In Science fiction literature, soldiers often wear metal (or some other kind of hard surface) armour. Some examples include:

  • Stormtroopers from Star Wars
  • Space Marines from Warhammer and Starcraft
  • Soldiers in Halo and just about any other first-person shooter video game based in the future

But I don't see how metal armour and shields could be a reliable defense if offensive projectile weapons are too strong for them to handle. In fact, against automatic rifles or theoretical laser weaponry, metal armour and shields seem obsolete.

The thing is, we all know that armoured troops in science fiction are a lot cooler than unarmored ones. If we where to create a story based in our universe in the near future, could we justify the use of armour in war against hostile enemies that did use automatic weapons, laser weapons or other typical weapons found in science fiction literature?

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    $\begingroup$ Worth noting space marines and unsc have to protect them selves from more than just bullets and lasers. Claws and teath are considered viable weapons by some of their foes $\endgroup$ – Wil Selwood Jul 1 '15 at 7:41
  • $\begingroup$ To effectively stop a fast moving projectile you need material capable of spreading the force of impact and dissipate the energy by decelerating its momentum, in this case there are many non-metallic meterials available that provides more economic advantage over the most durable metal. $\endgroup$ – user6760 Jul 1 '15 at 10:15
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    $\begingroup$ I don't want to spoil anything for you but Stormtrooper armor wasn't particularly effective at stopping anything. they were easily defeated via direct hits form blaster fire (even Hans pistol) as well rocks and rock-tipped spears in ROTJ. $\endgroup$ – kylie.a Jul 1 '15 at 13:11
  • $\begingroup$ @IanAuld I think that's part of what prompted this question. Why wear the armor if it isn't protecting you from anything? related: Question on Sci-Fi about Stormtrooper armor $\endgroup$ – DoubleDouble Jul 1 '15 at 16:18
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    $\begingroup$ @DoubleDouble True, however Master Chief survived a re-entry to the planets atmosphere and the ensuing "landing" in his armor (quoting the medic from the cut scene "the gel layer absorbed most of the impact"). I'm not familiar with WH so I can't really speak on them although they look pretty sturdy. Stormtroopers however seem to have armor solely for the purpose of looking cool. $\endgroup$ – kylie.a Jul 1 '15 at 16:26



Plastics, weaves, and ceramics?


Composites of the above?

Most certainly.

Joints and moving parts are always going to be weak spots, so if I was in a pitched firefight against Stormtroopers, Heretical Marines, or the UNSC, I'd be aiming for their knees.

Realism and hard-science in fiction often* comes at the expense of The Rule of Cool (warning — TVTropes link). Just choose which you want from your universe, and roll with it.

*but not always.

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    $\begingroup$ Expecting to actually hit the knees in a firefight is an example of The Rule of Cool. $\endgroup$ – WhatRoughBeast Jul 1 '15 at 17:12
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    $\begingroup$ US Army protective vests are made of ballistic nylon/Kevlar, with primary protection provided by a ceramic insert. If something hits the vest the ceramic breaks and spreads the force so the fabric can contain it. For very bad situations, titanium plates can be added to the outer layer. This helps break up larger/steel-cored bullets, but at the expense of added weight. $\endgroup$ – WhatRoughBeast Jul 1 '15 at 17:46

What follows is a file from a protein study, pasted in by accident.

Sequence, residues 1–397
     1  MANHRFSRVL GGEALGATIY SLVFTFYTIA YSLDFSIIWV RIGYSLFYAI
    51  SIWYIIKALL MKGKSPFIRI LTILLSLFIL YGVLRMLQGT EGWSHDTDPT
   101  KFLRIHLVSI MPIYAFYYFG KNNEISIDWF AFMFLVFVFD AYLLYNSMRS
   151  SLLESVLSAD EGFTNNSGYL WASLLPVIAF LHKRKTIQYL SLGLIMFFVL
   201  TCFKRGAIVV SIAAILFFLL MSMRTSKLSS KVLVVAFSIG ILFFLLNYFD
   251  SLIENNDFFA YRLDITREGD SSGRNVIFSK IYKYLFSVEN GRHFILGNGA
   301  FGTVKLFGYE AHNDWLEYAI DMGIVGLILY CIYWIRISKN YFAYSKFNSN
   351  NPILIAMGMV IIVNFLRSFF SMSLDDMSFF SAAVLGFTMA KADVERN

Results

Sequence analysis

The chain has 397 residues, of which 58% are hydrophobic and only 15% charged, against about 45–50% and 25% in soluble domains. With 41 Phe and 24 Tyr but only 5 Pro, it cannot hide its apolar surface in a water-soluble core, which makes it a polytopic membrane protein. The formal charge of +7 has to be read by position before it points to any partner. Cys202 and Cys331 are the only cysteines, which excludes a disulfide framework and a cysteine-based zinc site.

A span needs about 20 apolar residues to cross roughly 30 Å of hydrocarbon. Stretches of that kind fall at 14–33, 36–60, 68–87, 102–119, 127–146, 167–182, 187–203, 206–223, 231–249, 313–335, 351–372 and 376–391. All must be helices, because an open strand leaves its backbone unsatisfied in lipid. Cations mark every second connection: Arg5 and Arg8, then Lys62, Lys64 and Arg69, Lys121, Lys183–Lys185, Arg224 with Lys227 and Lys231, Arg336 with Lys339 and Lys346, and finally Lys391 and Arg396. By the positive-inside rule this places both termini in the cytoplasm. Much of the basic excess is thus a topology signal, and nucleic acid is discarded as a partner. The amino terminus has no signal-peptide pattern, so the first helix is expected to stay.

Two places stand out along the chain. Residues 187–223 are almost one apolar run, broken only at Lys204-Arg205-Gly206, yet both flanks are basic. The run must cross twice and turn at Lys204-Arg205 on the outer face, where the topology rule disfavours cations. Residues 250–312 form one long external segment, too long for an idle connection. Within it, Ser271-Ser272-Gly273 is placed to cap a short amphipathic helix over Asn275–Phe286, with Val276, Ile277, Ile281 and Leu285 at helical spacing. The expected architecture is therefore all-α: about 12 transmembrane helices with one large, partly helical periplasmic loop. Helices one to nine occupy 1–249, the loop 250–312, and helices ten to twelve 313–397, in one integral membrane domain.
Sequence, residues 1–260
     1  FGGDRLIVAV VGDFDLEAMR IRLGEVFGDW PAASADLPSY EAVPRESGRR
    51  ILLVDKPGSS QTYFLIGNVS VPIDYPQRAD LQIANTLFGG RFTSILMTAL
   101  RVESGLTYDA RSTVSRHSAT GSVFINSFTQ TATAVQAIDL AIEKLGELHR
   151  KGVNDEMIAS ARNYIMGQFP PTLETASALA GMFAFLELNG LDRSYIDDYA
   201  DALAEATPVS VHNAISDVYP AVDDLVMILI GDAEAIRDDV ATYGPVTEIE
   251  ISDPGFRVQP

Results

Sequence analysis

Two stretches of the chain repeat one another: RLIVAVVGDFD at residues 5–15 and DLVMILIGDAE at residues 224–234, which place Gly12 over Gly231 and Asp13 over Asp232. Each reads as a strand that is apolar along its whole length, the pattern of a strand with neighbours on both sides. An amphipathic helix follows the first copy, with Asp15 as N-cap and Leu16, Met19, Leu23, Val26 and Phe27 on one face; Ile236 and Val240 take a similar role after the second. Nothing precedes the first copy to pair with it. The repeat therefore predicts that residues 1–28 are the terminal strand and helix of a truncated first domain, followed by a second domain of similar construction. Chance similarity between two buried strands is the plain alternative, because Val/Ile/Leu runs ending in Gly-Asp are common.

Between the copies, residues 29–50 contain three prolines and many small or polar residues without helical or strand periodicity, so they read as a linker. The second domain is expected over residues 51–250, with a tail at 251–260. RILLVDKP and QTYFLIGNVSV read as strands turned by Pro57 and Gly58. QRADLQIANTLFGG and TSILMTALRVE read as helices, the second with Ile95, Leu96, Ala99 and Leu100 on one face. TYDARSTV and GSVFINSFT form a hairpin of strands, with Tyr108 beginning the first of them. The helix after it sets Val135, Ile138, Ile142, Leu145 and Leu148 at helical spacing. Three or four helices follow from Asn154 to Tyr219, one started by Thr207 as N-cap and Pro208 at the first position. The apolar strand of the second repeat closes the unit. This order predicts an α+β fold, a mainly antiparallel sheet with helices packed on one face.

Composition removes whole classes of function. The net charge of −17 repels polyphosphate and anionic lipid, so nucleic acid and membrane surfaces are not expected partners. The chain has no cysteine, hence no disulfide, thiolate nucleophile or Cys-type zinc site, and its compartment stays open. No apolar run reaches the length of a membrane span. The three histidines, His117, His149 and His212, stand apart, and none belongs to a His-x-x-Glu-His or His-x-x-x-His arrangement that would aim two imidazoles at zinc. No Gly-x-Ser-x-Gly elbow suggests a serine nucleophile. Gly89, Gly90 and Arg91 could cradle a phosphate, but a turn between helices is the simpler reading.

• $\begingroup$ It might be worth noting that metal personal armor could possibly make a come back in the near future if the army gets those powered walker things they were developing. Metal would only be favored when it adds longevity to the fighter, which would not be true for a soldier on foot - he wouldn't be mobile enough. $\endgroup$ – Sean Boddy Jul 1 '15 at 18:09
  • $\begingroup$ @SeanBoddy There will probably continue be a need for personal armor though, for certain tactical situations, if only for a low cost solution. Personal armor will continue to improve as materials and manufacturing methods improve. $\endgroup$ – JFA Jul 2 '15 at 17:08
  • $\begingroup$ @JFA, absolutely. Making effective body armor cheap enough that the taxpayer won't balk is a big ticket DARPA/DOD/DOJ priority in the US. My point was only that the use of metallic armor plate thick enough to be effective these days requires a motorized unit. If they get it right, a powered walker could be immune to small arms fire and operate "on foot" for four or so hours. $\endgroup$ – Sean Boddy Jul 2 '15 at 17:28

Ballistic shields are used by SWAT police to defend against bullets. SWAT operations are different from wars, of course -- less hiking through the woods, more pitched fights.

Sniper armor was worn during the first world war. That had something to do with "static" trench warfare. Soldiers didn't have to hike long distances, either.

And as mentioned by others, real-world soldiers wear body armor. If you assume that body armor has to work as a space suit as well, you get closer to the image from the media.


Armor of any kind increases survivability and is useful in that regard. However, the protection offered must be balanced with mobility and cost. For example, a 35-55lb suit of plate armor in the 15th century might keep you safe from primitive small arms fire but the same armor must weigh significantly more to be effective against modern assault weapons. Eventually, human armor becomes too heavy for a human to be combat effective against weapons of a given energy, even with advances in ceramic or woven armor types.